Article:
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To what extent can Napoleon be considered the "Son of the Revolution"?

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Introduction

To what extent can Napoleon be considered the "Son of the Revolution"? Napoleon Bonaparte has been described to have been a "Son of the Revolution" by many people. If a son can be described as someone who will naturally follow the ideas of his father, did Napoleon support the principles of the Revolution in order to reach total power and success in his empire? Before the French Revolution, France was in a critical state, where there was great social inequality between communal estates (classes). The lower class complained about the lack of rights and of the overwhelming taxation system and the bourgeoisie (middle class) complained about the privileges given to the aristocracy and clergy (upper class). The popular will was to overcome the monarchy and the feudalism; and to apply a new type of government based on the three ideals, "libert�, �galit�, fraternit�". By 1795, The Directory had not yet worked, resulting in a continuation of the revolution. ...read more.

Middle

Napoleon believed sovereignty of the public would not entitle people to a say in the government but with to a ruler who would govern them as they pleased. He believed people wanted him; he portrayed himself as an enlightened despot. The "son" had now destroyed one of the three pillars imposed by his "father" as he was closest to the Ancien Regime than to the Revolution, in 1808. Equality, perhaps the most important of the revolutions principles was another ideal torn apart by Napoleon. Napoleon confirmed the abolition of Feudalism, also established a civil code which states equality in relation to legislation and laws. The right to own property was also safe, but that was about it. His Legion of Honour, and the awarding of titles and honours was a clearly a contradiction to equality as these could be bought and kept for life. He claimed that everyone had the chance to be a Duke or have a title but this was untrue, the Nobility was strictly made of the old Nobility, the Bourgeoisie and other people who were awarded for military services. ...read more.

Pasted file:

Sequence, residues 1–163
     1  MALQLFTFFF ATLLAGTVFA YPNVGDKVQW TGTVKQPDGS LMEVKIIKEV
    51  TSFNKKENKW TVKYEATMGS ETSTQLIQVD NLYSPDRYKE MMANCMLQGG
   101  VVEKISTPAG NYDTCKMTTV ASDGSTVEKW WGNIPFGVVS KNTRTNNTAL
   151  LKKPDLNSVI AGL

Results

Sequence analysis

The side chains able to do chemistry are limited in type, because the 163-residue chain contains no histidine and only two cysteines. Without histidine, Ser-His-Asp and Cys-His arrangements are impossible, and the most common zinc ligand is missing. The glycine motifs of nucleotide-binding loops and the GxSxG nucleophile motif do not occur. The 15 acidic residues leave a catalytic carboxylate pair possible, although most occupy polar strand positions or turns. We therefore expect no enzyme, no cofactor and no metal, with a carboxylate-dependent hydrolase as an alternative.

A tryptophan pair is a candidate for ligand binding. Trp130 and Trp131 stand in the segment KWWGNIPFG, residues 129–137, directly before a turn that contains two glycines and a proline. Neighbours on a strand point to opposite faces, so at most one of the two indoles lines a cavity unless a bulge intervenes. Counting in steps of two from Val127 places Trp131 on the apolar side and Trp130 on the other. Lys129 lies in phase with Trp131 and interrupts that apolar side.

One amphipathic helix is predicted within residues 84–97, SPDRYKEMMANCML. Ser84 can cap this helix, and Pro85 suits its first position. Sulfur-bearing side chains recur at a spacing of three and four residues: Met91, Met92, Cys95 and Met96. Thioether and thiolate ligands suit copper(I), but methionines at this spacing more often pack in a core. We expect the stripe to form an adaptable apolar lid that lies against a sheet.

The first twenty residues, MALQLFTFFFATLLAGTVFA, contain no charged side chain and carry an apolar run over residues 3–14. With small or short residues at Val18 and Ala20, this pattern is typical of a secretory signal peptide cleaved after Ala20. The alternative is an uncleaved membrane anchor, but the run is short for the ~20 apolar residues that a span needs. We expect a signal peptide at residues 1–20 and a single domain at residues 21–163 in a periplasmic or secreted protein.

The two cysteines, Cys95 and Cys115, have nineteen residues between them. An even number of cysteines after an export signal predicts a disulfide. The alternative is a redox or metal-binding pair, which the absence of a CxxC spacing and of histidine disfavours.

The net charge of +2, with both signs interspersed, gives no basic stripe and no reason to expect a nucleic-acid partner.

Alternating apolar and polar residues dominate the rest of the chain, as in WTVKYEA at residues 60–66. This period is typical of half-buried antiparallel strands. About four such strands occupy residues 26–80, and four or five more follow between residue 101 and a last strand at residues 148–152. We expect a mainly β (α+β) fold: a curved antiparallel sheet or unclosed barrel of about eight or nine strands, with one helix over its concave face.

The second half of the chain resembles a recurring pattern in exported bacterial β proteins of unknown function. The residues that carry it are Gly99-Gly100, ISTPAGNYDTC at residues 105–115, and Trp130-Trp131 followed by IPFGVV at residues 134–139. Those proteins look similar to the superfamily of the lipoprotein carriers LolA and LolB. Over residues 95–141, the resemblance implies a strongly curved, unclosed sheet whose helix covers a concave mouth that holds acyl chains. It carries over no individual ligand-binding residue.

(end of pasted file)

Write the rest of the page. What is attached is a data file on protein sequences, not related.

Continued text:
Conclusion

I can conclude that Napoleon in fact brought the Revolution to an end. He had no passion for the principles of the revolution. Napoleon, a son of the revolution, having used it as a stepping stone to grow and reach his final title of Emperor. The son learnt that equality, fraternity and liberty could not rule an empire; they would bring failure and terror to his government. Nevertheless, he centralized his power and willingly used his army to alter the make up of the governments, which were ideas of the Directory. Napoleon retrieved the ideas he thought were necessary and would bring him success form his "father" but others, were discarded. Napoleon was in fact a creation of the revolution as he rose to power because of the situation France was in, though he did not back up its principles using his own ideals created from a combination of both the Revolution and the Monarchy. ?? ?? ?? ?? Eduardo Castello Branco 10M History HL Sources: Napoleon: For and Against - P. Geyl (1949) Napoleon, France and Europe - Andrina Stiles and Dylan Reses From Napoleon to the Second International - AJP. Taylor ...read more.

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